They took with them an eBeam and a Turningpoint IR kit. Here is what he wrote to me recently regarding his use of TurningPoint Audience Response System.

We have had considerable success with Turning Point at La Grange, Derby and
Wananami. As I suspected, the aboriginal kids love it. We have developed a
series of interactive stories where the kids "pick their own pathway" by voting
for a choice of decisions then hyperlinking off to other slides

As educators who have specialised in Aboriginal education for most of their teaching careers, this is high praise. They have used the technology to engage students, and give them control of the lesson, something that most kids would love.

It's always great hearing success stories from clients, so if you have a success story you would like to share, please feel free to leave a post or drop me a line.

Sunday, September 7, 2008

eBeam software upgrade

It's no secret that I really like my eBeam Pod. The fact that I show it off everyday to clients doesn't diminish my appreciation for what it can do in a classroom with a little practice and the right software.

Not long ago a new update for the eBeam pod came out, and has really added to the functionality of scrapbook. Now you can add content directly from flicker which gives you millions of images to use on your scrapbook. You can also 'print' from any application directly into scrapbook. So now PDFs can join in on the fun of eBeam.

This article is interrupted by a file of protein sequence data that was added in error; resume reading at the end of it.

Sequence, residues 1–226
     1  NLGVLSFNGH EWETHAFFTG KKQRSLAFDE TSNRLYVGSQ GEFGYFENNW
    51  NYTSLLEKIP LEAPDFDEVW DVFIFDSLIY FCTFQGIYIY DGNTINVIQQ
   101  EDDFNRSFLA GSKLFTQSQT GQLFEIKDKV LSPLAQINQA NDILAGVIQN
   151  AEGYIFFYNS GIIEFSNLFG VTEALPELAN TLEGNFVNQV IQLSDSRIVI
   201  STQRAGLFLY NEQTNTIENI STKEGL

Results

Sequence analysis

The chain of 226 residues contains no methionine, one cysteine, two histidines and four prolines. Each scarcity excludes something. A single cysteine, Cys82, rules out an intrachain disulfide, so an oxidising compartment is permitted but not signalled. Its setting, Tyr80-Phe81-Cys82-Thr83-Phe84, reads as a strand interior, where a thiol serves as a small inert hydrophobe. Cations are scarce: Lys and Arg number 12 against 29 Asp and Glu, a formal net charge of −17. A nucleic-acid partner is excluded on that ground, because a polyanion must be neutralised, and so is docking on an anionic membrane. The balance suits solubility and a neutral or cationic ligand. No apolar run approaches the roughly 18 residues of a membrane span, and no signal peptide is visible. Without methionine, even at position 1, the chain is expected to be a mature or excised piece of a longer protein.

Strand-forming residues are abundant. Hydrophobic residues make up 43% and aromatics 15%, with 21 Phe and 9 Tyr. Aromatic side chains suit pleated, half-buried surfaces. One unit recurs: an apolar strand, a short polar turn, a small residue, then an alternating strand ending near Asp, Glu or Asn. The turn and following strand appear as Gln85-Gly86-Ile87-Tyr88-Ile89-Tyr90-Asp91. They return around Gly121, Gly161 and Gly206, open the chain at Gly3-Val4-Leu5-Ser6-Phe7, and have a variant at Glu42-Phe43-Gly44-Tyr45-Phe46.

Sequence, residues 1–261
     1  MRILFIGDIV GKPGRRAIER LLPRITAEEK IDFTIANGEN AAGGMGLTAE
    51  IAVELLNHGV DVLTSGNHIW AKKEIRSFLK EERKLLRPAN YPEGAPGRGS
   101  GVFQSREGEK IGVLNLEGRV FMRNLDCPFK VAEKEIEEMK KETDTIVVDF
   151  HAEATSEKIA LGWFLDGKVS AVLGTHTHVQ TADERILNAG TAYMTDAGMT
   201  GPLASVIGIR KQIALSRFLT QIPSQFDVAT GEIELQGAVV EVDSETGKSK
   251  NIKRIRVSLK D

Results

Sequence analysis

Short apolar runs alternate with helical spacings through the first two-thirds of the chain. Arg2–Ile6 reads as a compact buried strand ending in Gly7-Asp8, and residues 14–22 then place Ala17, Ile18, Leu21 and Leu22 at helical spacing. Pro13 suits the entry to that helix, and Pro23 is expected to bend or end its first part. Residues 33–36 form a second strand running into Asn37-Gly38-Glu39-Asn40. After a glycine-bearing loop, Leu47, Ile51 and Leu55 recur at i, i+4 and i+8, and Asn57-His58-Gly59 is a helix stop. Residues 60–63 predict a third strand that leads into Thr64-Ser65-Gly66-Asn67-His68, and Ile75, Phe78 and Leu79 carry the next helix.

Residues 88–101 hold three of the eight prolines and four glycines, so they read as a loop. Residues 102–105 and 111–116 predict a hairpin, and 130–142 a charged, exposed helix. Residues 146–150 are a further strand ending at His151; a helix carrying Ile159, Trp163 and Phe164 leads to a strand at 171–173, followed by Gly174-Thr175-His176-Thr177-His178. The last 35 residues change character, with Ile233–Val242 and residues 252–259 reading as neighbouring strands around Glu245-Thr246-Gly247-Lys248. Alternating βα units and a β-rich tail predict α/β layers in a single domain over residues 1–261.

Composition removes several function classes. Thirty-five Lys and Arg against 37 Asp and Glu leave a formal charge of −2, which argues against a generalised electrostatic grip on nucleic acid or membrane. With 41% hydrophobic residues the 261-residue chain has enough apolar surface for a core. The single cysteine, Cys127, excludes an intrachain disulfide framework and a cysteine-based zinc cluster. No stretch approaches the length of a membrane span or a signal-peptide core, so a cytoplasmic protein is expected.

Of course you can still use your eBeam with any other program and it will work just like your mouse or as an annotation pen.

You will need to un-install 2.0 and then install 2.1, so go get the download already.

Being Googable

I just got an email this weekend from the president of our state association of computer educators. I seems someone was looking for me an found to their dismay that I'm "ungoogable" - his word not mine.

It got me thinking, in the old days you were nobody if you weren't in the papers or on TV, now if people can't find you on Google, then your pretty much a nobody.

Now there are certain advantages to being a nobody. Being able to do things without people recognising you, your work or your mistakes means that some stuff can be accomplished more successfully. It also means that you can change direction without the baggage of your previous life catching up to you.

Unfortunately in my current role I have to be "somebody". It suits me fine by the way. It forces me to step up and to put 100% into everything I do everyday. So building my somebody status includes making a mark on the nets, be they interpersonal or electronic.

So the purpose of this and coming prose is for me to be found by those who seek, to give to the open source community the only thing I can - publicity, and to push the barrow of my current employer (Keepad Interactive).

Feel free to comment on the posts I put up, and if you have any suggestions for inclusion on my links page of FLOSS software for educators, please send it along.